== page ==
What about other states? Well, every state has different rules and case history, but because trends often start in California, and the Supreme Court was articulate in its decision-making process, it’s possible this causes a re-examination by all parties. The fact that some states already have established case law to grant death benefits could be a compounding effect. Therefore, it’s a definite maybe.

This may be an isolated case that has no repercussions in California or elsewhere. On the other hand … Consider this your RED FLAG warning for the riptide that precedes the tsunami. And you thought paying for drugs was expensive!

Spinal Surgery Requests And The SB 863 Gap

In an attempt to simplify the ever-confusing Workers’ Compensation world in the great State of California, our legislative branch drafted SB 863 in 2012. With the stroke of his pen, Governor Brown enacted sweeping legislation, with effective and varying start dates for various provisions of the new law. However, with varying start dates comes confusion regarding various provisions. A spinal surgery request is one of the areas which appears to have a problem with the implementation date of July 1, 2013.

Effective January 1, 2013, provisions under Labor Code § 4062(b) pertaining to the spinal surgery second opinion process have been eliminated from the Labor Code. Overall, this is a positive result for the Defendant from SB 863. The new independent medical review (IMR) process kicks in on July 1, 2013, for dates of injury prior to January 1, 2013. However, a new question has surfaced as a result of this substantial change. How do we address spinal surgery requests for dates of injury prior to January 1, 2013?

The new regulations and the Labor Code conflict in their guidance. Labor Code § 4062 (b) reads: “For injuries on or after 1/1/2013 and for UR decisions communicated on or after 7/1/2013, regardless of date of injury, all employee objections to utilization review disputes under Lab Code § 4610 are resolved only IMR pursuant to 4610.5 and not through the QME process.” Simple enough. Yet with the provisions of Labor Code § 4610.5 regarding the IMR process not starting until July 1, 2013, we have a sizeable gap of six months where the parties are seemingly unable to participate in a second opinion process as well as the independent medical review process.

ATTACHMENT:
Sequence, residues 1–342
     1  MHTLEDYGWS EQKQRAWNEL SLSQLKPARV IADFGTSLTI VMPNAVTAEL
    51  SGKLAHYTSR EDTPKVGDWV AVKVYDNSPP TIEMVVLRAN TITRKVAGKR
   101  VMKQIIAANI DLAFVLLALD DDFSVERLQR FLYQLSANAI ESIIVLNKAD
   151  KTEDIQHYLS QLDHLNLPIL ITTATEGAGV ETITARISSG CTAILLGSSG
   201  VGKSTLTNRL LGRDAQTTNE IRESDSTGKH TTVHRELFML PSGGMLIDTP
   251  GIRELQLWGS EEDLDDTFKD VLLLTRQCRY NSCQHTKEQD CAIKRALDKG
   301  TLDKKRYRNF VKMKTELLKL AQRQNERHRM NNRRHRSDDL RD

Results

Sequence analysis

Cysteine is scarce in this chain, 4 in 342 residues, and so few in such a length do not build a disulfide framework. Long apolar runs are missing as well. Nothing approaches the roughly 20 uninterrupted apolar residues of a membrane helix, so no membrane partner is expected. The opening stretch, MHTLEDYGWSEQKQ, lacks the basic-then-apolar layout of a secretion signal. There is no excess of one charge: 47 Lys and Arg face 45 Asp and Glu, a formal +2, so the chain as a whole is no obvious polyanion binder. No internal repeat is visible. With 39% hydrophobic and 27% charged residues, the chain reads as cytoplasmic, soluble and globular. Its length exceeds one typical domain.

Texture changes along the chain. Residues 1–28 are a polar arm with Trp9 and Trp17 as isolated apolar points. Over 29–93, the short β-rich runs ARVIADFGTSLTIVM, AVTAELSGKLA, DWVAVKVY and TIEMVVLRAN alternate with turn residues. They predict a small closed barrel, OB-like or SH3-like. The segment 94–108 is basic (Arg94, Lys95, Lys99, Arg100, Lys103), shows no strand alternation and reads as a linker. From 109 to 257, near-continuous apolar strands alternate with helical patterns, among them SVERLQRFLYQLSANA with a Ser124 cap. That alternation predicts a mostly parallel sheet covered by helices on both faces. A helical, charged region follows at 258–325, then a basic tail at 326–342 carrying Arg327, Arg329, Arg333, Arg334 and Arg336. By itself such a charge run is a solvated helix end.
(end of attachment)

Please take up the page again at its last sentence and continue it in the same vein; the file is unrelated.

Causing even more confusion is the second half of Labor Code § 4062(b) which reads: “For injuries on or after 1/1/2013 and for objections to diagnosis of treatment recommendations within the MPN, regardless of the date of injury, all employee objections to diagnosis or treatment recommendations within the MPN are also resolved only through independent medical review pursuant to § 4610.5.”

Curiously, this seems to imply that the independent medical review process is the method which should be used, since a request for spinal surgery is clearly a request for care. Further, the process is to be implemented “regardless of the date of injury.” That being said, we must note that the objections must come from care within the medical provider network (if applicable). Further, it appears that this section refers only to “employee” (not employer) objections.

So what is the correct answer? In my research, I consulted with numerous publications. I also consulted with fellow colleagues. All presented varying answers. Ultimately, I found the answer in Labor Code § 4610(g)(3) which provides:
“(3) (A) Decisions to approve, modify, delay, or deny requests by physicians for authorization prior to, or concurrent with, the provision of medical treatment services to employees shall be communicated to the requesting physician within 24 hours of the decision. Decisions resulting in modification, delay, or denial of all or part of the requested health care service shall be communicated to physicians initially by telephone or facsimile, and to the physician and employee in writing within 24 hours for concurrent review, or within two business days of the decision for prospective review, as prescribed by the administrative director. If the request is not approved in full, disputes shall be resolved in accordance with Section 4610.5, if applicable, or otherwise in accordance with Section 4062.”